MARTHA SEZ: Marcy Field was vandalized. Who did it?
Who vandalized Marcy Field last Saturday? The world wants to know.
My first thought, when I saw the tire marks, was crop circles! It seemed so obvious. Aliens must have done it.
Although, on closer inspection, the circles in the muddy turf of Marcy Field were nowhere near as geometrical as those previously attributed to intelligent beings from outer space. If these designs were indeed the work of aliens, they must have been a younger generation with a new crop-circle aesthetic, or perhaps aliens from a different planet.
I Googled it and found a 2022 “New York Times” article titled “Crop Circles Were Made by Supernatural Forces. Named Doug and Dave.”
In 1991, two Southhampton men, Doug Bower and Dave Chorley, finally came clean about creating 200 complex crop circles in a farming district in Southern England during the 80s. They enjoyed following the resultant media attention and conspiracy theories, and watched as others around the globe imitated their mystifying crop circle designs.
So not aliens then.
I hate to just automatically blame young people. Maybe it was people my own age, oldsters in their SUVs tearing up Marcy Field. Except if it was oldsters, it would be hard to believe they were out joy-riding, the way young folk might be. If geezers had done the damage, it would be 10 to 1 because they had somehow lost track and blundered off into the field without fully comprehending at the time what they were doing.
Helen: “Now, Hank, look what you’ve done, we’re in a field! And you’re getting the car all muddy!”
Hank: “What? I know where I’m going. Don’t tell me how to drive. It feels like the tires are getting stuck. Damn cheap Chevy!”
Helen: “Hank! What are you doing? Stop that this minute! We’re spinning in circles!”
Hank: “Don’t have a hissy fit, Helen, I’m just accelerating — to get us out of the mud — all this rain we’ve been having — hey, this is fun!”
Helen: “Whee! I haven’t had this much fun since I was 16 years old!”
Hank: “Hee hee!”
So yes, perhaps that is how it happened. But then again I think not. I think it was Hank and Helen’s grandchildren and their friends, bored out of their minds in the wee hours, or maybe just zonked with cabin fever in a rainy, rainy summer in a small town after the COVID shutdown.
Or maybe COVID had nothing to do with it. Maybe doing donuts in a muddy field in the predawn hours was just fun. Nothing more to it. They weren’t thinking much either way about damaging the field.
I’m pretty sure that no one we’ve ever known would have done donuts in the field or at the school or anywhere.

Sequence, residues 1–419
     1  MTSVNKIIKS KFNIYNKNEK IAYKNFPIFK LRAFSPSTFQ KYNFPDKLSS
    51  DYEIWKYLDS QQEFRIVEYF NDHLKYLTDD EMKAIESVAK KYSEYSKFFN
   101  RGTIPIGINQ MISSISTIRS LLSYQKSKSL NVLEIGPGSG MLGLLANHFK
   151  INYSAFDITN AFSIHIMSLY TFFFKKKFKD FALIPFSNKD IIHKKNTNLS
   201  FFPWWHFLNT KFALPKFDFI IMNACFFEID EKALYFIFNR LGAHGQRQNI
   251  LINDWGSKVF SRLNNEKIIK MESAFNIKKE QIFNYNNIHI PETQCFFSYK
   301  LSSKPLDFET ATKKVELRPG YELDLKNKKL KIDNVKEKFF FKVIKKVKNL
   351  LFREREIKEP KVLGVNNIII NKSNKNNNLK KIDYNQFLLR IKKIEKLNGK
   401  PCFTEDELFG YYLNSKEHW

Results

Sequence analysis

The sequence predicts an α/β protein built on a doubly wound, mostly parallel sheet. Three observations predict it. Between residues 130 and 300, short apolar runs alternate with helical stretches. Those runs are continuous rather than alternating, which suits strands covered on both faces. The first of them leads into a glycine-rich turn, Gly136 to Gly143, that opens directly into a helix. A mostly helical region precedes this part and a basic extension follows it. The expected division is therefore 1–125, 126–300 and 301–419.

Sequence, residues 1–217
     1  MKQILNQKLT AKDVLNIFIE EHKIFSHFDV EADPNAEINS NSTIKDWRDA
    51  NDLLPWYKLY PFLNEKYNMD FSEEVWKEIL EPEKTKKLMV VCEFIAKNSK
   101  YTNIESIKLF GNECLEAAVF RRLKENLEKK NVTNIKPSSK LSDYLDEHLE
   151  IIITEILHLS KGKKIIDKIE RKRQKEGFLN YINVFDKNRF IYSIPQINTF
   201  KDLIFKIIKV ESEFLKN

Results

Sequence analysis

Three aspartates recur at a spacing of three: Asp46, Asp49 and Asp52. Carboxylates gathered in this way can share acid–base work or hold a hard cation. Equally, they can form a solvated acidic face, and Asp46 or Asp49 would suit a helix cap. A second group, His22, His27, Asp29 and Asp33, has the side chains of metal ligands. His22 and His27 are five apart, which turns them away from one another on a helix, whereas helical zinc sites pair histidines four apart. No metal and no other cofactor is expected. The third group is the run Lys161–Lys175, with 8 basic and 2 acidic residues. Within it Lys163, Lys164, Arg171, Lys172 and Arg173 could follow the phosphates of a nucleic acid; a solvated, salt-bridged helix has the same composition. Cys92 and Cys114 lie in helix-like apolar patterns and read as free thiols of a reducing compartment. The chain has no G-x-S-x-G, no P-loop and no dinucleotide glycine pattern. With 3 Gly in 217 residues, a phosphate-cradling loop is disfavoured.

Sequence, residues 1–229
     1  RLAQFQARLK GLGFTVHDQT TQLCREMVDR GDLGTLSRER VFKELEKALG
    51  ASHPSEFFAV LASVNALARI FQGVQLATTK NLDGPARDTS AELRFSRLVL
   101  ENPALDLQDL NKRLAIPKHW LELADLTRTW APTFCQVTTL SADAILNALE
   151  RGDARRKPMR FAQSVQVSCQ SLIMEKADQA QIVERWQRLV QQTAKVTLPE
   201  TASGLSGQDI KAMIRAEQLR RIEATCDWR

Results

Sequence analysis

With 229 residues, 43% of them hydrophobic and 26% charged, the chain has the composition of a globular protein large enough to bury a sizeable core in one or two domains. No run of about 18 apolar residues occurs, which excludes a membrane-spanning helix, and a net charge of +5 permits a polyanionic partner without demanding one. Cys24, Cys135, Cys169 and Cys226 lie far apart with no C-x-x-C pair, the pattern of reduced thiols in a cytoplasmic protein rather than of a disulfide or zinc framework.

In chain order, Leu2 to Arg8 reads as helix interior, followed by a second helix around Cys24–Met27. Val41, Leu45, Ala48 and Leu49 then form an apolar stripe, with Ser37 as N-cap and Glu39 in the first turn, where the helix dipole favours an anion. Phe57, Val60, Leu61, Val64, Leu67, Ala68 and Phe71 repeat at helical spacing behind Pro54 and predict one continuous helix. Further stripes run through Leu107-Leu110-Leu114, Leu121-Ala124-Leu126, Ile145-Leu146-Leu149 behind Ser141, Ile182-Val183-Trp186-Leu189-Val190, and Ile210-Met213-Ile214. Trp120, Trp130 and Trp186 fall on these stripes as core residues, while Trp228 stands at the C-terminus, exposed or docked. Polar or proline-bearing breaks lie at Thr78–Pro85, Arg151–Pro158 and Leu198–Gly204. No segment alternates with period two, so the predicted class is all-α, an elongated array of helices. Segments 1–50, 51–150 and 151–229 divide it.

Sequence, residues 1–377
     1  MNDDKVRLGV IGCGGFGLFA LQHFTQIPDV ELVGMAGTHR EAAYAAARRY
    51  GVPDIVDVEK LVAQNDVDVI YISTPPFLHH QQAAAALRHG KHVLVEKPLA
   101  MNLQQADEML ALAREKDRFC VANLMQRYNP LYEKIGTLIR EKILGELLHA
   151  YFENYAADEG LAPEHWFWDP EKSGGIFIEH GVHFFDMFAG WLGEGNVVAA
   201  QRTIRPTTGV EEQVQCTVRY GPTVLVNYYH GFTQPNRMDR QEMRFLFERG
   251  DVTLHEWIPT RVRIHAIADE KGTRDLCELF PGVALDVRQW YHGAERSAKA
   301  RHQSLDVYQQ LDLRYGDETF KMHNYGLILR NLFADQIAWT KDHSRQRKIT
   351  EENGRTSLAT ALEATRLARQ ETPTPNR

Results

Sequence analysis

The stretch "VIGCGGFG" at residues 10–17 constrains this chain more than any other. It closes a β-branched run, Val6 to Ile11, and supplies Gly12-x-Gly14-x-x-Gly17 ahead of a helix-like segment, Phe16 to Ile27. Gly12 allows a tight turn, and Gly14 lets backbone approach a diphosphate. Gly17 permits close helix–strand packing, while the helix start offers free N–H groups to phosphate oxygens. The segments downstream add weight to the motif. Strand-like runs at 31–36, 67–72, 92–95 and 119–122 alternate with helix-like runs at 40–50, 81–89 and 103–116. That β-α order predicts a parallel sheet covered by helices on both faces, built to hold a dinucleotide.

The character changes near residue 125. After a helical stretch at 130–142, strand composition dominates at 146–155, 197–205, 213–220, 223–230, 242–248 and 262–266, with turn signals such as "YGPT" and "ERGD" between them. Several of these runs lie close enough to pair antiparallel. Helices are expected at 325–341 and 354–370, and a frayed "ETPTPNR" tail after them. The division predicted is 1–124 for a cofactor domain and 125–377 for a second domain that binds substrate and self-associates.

Although I recall riding to high school with my brother Bill in his little Fiat. He would always wait until the last possible second to leave, so I was always just slightly late to homeroom. Bill liked to drive at top speed in-between two metal posts set up to prevent people from entering the parking lot in a particular place. A normal Detroit-made car of that era — a Pontiac or a Chrysler — could not have cleared the narrow space between the posts, but the little Italian Fiat made it every time. I was never confident it would, and I am pretty sure Bill enjoyed the adrenalin rush he got at the beginning of each school day.
Also, Bill and his friends liked to do donuts.
I gleaned the following information about donuts from The CarParts.com Research Team.
Doing donuts in a car is a maneuver that shows off a driver’s skill by going in tight circles while the car’s rear wheels are doing a burnout.
A burnout is the practice of keeping a vehicle stationary and spinning its wheels, the resultant friction causing the tires to heat up and smoke. Donuts are essentially burnouts but with the steering wheel turned in one direction.
The traction control system must be turned off to create a burnout. Take note that doing donuts will create smoke and a loud screeching sound that can be heard throughout the entire neighborhood. The tires will also leave skid marks on the road that might take months to disappear or can even be permanent.
Donuts are typically only done with rear-wheel drive and all-wheel drive vehicles. Front-wheel drive vehicles can still do burnouts, albeit in reverse.
Don’t do donuts!
Have a good week.
(Martha Allen lives in Keene Valley. She has been writing for the Lake Placid News for more than 20 years.)